A Selection of Great Post-1970s Glam Rock Albums


We’re super excited about the return of Suede, both because their new single “Barriers” is really great and because, honestly, we’re hoping for some sort of glam re-revival in the year to come — surely it’s time for the return of bands whose ambitions extend beyond bedroom laptoptronica and/or determinedly anonymous we-just-do-what-we-do-and-possibly-have-beards indie? Hey, David Bowie’s surprise album announcement certainly can’t hurt the possibility of a glitter resurgence, either! While we wait, we’ve been digging out our old Suede CDs and also exhuming other examples of glam rock from after the genre’s mid-’70s golden age. Here are some of our favorites — what are yours?

Suede — Dog Man Star

There’s an argument to be made for the first Suede record here, but we’re going with the majestically overblown glory of their enduring masterpiece. In essence, glam has always been about creating a world to transcend urban drudgery, about looking for “constellations in the mould in the coffee cup,” in bassist Mat Osman’s Oscar Wilde-esque phrase. Dog Man Star did that and then some, creating an entire universe of dissipated glamor in the living room of Brett Anderson’s basement apartment.

U.S. Girls — Gem

Female-fronted neo-glam for the 21st century, and one of the most underrated albums of 2012. As an aside, someone needs to write a thinkpiece about why there are so few female-fronted glam bands.

Placebo — Placebo

The other great signifier of glam is its embrace of sexual ambiguity and self-expression. Placebo captured this perfectly — a trio that embodied perfect sexual symmetry, like some sort of twisted back-alley boy band, encompassing one gay guy, one straight guy, and one rapacious pint-sized sex machine who’d fuck you and your girlfriend/boyfriend. Their first album is still their best, a blast of buzzsawing guitars and glammed-up liberation that sounds like dressing up, sneaking out the window to hit the bad part of town, and not caring what happens when you get there.

The Darkness — Permission to Land

Glam was also silly. This was silly. Very, very silly. Especially Frankie Poullain’s moustache. (As an aside: Frankie Poullain is now 45 YEARS OLD.)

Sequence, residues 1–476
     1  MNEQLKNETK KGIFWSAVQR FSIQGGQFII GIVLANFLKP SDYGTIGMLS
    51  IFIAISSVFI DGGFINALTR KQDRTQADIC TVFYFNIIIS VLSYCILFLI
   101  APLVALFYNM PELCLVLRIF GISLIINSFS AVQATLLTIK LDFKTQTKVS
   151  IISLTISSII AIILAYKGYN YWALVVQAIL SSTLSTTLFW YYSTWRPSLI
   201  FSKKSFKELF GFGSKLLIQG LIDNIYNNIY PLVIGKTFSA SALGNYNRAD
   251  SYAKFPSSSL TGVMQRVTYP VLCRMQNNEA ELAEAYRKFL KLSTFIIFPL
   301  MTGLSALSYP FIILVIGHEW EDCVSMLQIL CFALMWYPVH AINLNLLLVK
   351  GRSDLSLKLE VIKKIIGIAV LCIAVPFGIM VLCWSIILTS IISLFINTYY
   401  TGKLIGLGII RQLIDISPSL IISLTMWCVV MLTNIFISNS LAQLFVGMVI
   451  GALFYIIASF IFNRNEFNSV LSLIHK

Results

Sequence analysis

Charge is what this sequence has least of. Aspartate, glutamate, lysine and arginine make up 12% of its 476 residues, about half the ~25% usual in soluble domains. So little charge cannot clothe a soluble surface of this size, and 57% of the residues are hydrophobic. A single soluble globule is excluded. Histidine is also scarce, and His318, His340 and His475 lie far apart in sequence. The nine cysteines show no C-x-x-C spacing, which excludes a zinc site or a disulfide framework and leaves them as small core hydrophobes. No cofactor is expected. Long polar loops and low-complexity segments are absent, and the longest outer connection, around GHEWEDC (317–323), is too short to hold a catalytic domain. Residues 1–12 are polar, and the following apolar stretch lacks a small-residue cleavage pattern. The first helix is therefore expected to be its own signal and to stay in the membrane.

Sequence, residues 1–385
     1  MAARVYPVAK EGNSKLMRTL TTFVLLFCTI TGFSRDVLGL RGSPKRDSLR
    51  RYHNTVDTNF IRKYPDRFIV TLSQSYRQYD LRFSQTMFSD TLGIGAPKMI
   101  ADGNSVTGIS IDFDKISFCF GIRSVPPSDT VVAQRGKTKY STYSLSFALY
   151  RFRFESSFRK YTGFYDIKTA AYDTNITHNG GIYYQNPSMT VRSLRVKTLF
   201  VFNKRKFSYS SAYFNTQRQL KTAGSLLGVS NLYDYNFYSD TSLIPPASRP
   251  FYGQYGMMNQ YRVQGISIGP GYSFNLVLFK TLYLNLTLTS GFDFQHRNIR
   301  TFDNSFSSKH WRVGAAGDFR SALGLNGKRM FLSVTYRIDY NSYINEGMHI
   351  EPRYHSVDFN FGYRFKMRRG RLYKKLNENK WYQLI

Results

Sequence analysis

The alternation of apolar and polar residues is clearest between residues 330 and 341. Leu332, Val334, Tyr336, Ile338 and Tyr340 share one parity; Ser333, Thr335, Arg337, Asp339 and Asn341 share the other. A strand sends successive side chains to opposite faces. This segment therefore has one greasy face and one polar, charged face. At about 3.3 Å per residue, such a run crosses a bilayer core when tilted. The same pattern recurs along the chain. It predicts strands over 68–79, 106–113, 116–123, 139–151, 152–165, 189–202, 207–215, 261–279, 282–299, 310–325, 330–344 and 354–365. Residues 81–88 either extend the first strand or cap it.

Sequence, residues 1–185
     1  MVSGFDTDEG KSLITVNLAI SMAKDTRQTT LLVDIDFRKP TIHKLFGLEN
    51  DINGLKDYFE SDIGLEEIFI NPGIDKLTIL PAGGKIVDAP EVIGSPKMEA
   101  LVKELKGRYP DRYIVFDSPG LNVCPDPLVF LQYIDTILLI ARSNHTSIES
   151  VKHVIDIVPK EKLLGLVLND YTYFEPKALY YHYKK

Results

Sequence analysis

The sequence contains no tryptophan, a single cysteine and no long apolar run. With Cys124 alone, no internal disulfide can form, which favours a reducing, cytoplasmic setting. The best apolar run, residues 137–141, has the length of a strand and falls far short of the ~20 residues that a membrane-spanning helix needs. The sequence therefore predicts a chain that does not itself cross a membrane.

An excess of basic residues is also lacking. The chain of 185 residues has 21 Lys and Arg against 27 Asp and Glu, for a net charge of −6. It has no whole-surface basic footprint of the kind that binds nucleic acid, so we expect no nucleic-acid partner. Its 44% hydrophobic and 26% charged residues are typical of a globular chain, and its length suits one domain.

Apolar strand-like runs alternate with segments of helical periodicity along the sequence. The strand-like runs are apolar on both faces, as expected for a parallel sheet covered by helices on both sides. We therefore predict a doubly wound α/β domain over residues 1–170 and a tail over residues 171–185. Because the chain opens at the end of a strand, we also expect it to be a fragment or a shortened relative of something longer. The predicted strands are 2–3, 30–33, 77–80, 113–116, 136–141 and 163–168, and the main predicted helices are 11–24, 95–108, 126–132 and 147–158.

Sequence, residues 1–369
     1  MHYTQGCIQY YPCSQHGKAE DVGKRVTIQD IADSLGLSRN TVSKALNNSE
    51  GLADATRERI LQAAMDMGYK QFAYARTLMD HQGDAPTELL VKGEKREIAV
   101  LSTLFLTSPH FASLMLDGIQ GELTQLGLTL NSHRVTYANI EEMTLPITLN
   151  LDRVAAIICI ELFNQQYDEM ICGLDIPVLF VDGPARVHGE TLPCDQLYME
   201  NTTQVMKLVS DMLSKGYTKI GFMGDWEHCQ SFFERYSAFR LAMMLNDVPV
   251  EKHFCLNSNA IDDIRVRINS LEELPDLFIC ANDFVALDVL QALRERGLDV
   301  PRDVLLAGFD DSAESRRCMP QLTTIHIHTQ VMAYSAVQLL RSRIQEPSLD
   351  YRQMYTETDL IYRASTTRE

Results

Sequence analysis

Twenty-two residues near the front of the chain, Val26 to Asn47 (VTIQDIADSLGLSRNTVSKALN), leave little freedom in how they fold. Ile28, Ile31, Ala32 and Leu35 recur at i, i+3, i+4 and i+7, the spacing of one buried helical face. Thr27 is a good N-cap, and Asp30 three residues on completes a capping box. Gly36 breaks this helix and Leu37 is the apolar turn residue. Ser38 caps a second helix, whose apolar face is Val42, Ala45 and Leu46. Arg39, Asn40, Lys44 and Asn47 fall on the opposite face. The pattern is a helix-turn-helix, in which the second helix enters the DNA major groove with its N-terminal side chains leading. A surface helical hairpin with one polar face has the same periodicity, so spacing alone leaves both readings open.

Manic Street Preachers — Generation Terrorists

When we say glam was silly, though, we do mean it. The thing that people perhaps tend to overlook about the genre and its progenitors is that the whole point of glam is that it means not being afraid to make a fool of yourself — a point that certainly wasn’t lost on the early-career Manics, who emerged from a Welsh town in the middle of nowhere in paint-spattered leopard print and eyeliner, ranting about politics and philosophy and Sylvia Plath. Absurd? Absolutely. And all the better for it.

Pink Grease — This Is for Real

Even more gloriously absurd were short-lived quintet Pink Grease, who came romping out of Sheffield wielding a home-made synth called “The Machine,” a suitcase full of makeup, and some of the best party tunes of the 2000s. Their debut album remains an under-appreciated classic — their career sadly flared out after Mute dropped them before the release of their second record, but boy were they fun while they lasted. (These days, singer Rory Lewarne has a great new band called White Witches and synth wizard Nick Collier sells crazy-looking homemade synths right here.)

The Dandy Warhols — …The Dandy Warhols Come Down

Of course, it’s not just UK bands who re-embraced glam in the 1990s and beyond — The Dandy Warhols’ name rather betrayed their stylistic preoccupations, and they glammed it up for all they were worth on their second album (and particularly in the David LaChapelle-directed video for “Not If You Were the Last Junkie on Earth, an exercise that won them Brian Jonestown Massacre mastermind Anton Newcombe’s enmity.)

Marilyn Manson — Mechanical Animals

Also on this side of the Atlantic, Manson’s similarities to schlock-rock forebear Alice Cooper have been well-documented, and this record documents his most overtly glam-influenced period. It’s based around the story of an alien and alienated glam singer who’s marooned on Earth (not at all like Ziggy Stardust ahem ahem), and the disconnection he feels from the “real” world and the “mechanical animals” that populate it. The album’s music is a lot less industrial and goth-influenced than its predecessor, Antichrist Superstar, aping ’70s Bowie and T-Rex for all it’s worth, with surprisingly good results.

Of Montreal — Hissing Fauna, Are You the Destroyer?

In which Kevin Barnes metamorphoses into a 40-year-old transsexual glam star. Georgie Fruit, ahoy!

Lady Gaga — The Fame Monster

And finally, hate on us as much as you like, but it’s difficult to refute the argument that the single most glam-influenced pop album of the last few years has been made by none other than La Gaga, whose embrace of the genre’s stylistic conceits and theatrical songwriting has done very well for her indeed. Call it contrived and/or cynical if you like — we’re not sure we’d entirely disagree with you — but still, if it introduces the Little Monsters to a new genre, then some good has come of all this unpleasantness.